Perhaps the Liberals should have a genuine leadership convention before they try to topple the Conservatives. Ignatieff now has given the Conservatives carte blanche. He is just asking Harper to present him with a poison pill that will make him look even more unprincipled than he appears at the moment. Suddenly when the polls go down somewhat Harper's government is no longer so bad that it needs to go. This is a great Xmas present for Harper but Ignatieff could have waited a while before giving it to him.
Ignatieff retreats from trying to topple Harper
Liberal leader says they won't try again until spring election
By Andrew Mayeda, Canwest News ServiceOctober 20, 2009
Liberal Leader Michael Ignatieff said Tuesday his party will no longer seek to defeat the Harper government, suggesting the Conservatives will remain in power until at least next spring's federal budget.
"We've said clearly we won't support the government but, at the same time, we won't try to defeat the government each time," Ignatieff told reporters Tuesday after making an appearance at a daycare in Ottawa.
Earlier this month, the governing Conservatives survived a non-confidence motion introduced by the Liberals. On Tuesday, Ignatieff wouldn't commit to tabling another such motion the next time the Liberals have the opportunity.
"I won't say but, as I've said, we won't support these people, because we're the opposition. But we're not trying to create opportunities to trigger an election," he said.
"Canadians have clearly said they don't want an election, and they haven't just said that to me, they've told that to all the parties, and we have to respect what the Canadian voters think."
Liberal officials sought to downplay Ignatieff's comments Tuesday, noting he has made similar statements in recent weeks. Nevertheless, it is clear the Liberal leader's tone has softened since early September, when he declared he would no longer support the government of Prime Minister Stephen Harper.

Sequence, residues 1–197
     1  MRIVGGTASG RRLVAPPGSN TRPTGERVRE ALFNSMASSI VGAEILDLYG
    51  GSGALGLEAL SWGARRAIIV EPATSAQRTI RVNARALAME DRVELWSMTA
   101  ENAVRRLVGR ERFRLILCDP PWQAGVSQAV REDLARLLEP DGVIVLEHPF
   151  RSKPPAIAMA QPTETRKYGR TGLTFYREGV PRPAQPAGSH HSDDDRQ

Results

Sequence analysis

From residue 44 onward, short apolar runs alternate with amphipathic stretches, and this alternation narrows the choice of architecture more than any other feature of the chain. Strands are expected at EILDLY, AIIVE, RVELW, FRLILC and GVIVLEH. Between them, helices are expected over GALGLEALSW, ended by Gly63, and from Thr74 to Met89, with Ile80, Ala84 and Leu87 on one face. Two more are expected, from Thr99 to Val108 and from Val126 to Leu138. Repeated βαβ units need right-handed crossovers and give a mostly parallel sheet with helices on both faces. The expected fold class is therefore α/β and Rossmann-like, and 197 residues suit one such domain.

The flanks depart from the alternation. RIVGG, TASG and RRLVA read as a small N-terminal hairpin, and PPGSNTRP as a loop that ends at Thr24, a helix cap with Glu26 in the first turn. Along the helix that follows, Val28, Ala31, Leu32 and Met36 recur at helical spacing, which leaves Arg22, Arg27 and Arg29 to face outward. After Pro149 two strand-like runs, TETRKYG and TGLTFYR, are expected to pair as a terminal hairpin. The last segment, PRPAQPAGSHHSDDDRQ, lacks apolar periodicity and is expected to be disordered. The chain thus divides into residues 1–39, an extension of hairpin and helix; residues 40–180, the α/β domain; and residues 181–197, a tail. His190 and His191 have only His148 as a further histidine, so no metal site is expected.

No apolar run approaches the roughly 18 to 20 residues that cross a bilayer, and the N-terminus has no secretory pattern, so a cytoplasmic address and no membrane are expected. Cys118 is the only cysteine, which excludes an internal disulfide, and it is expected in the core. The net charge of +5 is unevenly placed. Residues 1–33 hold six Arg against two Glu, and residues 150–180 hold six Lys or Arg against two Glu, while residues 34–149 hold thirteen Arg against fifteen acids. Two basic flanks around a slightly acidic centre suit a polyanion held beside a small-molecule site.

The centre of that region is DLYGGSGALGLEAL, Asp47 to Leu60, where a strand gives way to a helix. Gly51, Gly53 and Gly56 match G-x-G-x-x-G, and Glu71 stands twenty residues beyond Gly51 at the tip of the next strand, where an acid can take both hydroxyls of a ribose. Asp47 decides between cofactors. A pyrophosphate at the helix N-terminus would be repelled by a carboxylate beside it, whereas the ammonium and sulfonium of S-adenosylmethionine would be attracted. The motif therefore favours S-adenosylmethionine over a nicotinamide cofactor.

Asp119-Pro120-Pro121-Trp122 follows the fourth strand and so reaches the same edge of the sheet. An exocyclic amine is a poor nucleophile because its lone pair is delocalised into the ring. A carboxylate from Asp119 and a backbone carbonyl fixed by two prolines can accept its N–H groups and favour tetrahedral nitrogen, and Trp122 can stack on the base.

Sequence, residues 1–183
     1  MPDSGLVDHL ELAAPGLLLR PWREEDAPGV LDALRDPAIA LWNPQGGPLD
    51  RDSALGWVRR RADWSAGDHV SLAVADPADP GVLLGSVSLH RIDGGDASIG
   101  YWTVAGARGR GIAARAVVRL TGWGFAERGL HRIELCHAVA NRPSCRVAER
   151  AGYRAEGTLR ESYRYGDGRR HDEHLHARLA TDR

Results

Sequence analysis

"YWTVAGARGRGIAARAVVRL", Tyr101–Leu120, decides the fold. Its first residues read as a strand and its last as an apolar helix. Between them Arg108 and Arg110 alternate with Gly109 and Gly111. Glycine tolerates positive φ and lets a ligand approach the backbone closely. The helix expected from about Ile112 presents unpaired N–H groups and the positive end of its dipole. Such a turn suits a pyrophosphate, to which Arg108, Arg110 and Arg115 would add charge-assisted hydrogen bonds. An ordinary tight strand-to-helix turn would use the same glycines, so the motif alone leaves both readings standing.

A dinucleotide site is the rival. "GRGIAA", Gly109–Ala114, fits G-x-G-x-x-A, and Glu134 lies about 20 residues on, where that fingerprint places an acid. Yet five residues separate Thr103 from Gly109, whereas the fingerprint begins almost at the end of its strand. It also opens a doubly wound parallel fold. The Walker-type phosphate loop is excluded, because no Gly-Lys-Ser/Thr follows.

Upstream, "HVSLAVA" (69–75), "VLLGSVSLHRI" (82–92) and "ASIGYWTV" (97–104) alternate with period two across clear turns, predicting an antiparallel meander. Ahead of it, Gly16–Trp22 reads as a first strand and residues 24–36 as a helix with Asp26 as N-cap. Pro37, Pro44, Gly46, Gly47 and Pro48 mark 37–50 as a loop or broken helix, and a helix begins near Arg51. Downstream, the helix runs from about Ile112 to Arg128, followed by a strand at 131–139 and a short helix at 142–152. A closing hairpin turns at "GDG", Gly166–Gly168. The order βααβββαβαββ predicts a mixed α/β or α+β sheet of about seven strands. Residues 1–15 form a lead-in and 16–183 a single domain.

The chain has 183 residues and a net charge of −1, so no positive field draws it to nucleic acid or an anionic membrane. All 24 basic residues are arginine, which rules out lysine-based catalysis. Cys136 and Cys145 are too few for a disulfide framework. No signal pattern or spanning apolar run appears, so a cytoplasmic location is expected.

"After four years of drift, four years of denial, four years of division and discord -- Mr. Harper, your time is up," Ignatieff said at the time. "The Liberal party cannot support this government any further. We will hold Stephen Harper to account. We will oppose his government in Parliament."
The Liberals hoped the hard-line stance would help them build credibility as a government-in-waiting. But in recent weeks, the party has slid in the polls as the Conservatives have climbed close to majority territory.
In an Ipsos Reid poll released last week, the Conservatives stood at 39% in national support, compared with 29% for the Liberals.
Opposition parties can introduce non-confidence motions against the government on so-called "opposition days" in the House of Commons. There are five remaining opposition days until the House of Commons breaks for the holidays in December, and the Liberals are expected to get their next one early next month.
The Bloc Quebecois supported the last Liberal non-confidence motion, but the NDP abstained from the vote, allowing the Conservatives to survive.
The NDP has said it will support the government until Parliament passes legislation to expand EI benefits.
A Liberal source said Tuesday that the party will wait to see how the political winds are blowing before deciding whether to table another non-confidence motion.
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